The most important risk factor for alcohol-related peripheral neuropathy is the total lifetime dose of ethanol, although other risk factors have been identified including genetic, male gender, and type of alcohol consumed. At present, it is unclear what the pathogenetic mechanisms for the development of neuropathy amongst those who chronically abuse alcohol are, and therefore, it is unknown whether it is attributed to the direct toxic effects of ethanol or another currently unidentified factor.

There is presently sparse data to support a particular management strategy in alcohol-related peripheral neuropathy, but the limited data available appears to support the use of vitamin supplementation, particularly of B-vitamin regimens inclusive of thiamine

26 February 2019 In Drinking & Eating Patterns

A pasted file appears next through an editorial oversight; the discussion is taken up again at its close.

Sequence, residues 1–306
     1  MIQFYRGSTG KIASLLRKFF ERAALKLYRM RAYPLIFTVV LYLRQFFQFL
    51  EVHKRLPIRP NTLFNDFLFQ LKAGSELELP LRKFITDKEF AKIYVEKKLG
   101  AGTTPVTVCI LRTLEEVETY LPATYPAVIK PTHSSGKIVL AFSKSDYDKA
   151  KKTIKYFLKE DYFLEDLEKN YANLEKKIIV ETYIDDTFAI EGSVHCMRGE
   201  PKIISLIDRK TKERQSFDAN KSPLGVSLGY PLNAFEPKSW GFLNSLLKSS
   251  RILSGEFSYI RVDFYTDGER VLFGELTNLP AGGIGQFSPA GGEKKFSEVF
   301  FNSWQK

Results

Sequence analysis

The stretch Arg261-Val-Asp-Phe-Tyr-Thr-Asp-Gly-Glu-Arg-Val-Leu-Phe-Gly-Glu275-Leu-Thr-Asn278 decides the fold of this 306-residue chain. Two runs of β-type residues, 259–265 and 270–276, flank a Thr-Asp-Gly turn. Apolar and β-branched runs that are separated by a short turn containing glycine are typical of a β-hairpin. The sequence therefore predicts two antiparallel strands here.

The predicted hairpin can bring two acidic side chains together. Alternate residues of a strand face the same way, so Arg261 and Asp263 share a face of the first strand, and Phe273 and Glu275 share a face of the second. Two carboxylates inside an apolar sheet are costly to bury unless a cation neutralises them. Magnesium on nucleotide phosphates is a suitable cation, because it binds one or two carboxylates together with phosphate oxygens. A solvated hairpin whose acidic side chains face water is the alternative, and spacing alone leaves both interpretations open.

Low-risk thresholds for alcohol use differ across various national guidelines. To assess the novel WHO risk drinking levels in light of alcohol-sensitive common laboratory tests, we analysed biomarkers of liver status, inflammation and lipid profiles from a population-based survey of individuals classified to abstainers and different WHO risk drinking levels defined in terms of mean alcohol consumption per day. The study included 22,327 participants aged 25-74 years from the National FINRISK Study. Data on alcohol use, health status, diet, body weight and lifestyle (smoking, coffee consumption and physical activity) were recorded from structured interviews. Alcohol data from self-reports covering the past 12 months were used to categorize the participants into subgroups of abstainers and WHO risk drinking categories representing low, moderate, high and very high risk drinkers. Serum liver enzymes (GGT, ALT), C-reactive protein (CRP) and lipid profiles were measured using standard laboratory techniques. Alcohol risk category was roughly linearly related with the occurrence of elevated values for GGT, ALT and CRP. Alcohol drinking also significantly influenced the incidence of abnormalities in serum lipids. Significantly higher odds for abnormal GGT, ALT and altered lipid profiles remained in alcohol drinkers even after adjustment for age, waist circumference, physical inactivity, smoking and coffee consumption. A more systematic use of laboratory tests during treatment of individuals classified to WHO risk drinking categories may improve the assessment of alcohol-related health risks. Follow-ups of biomarker responses may also prove to be useful in health interventions aimed at reducing alcohol consumption.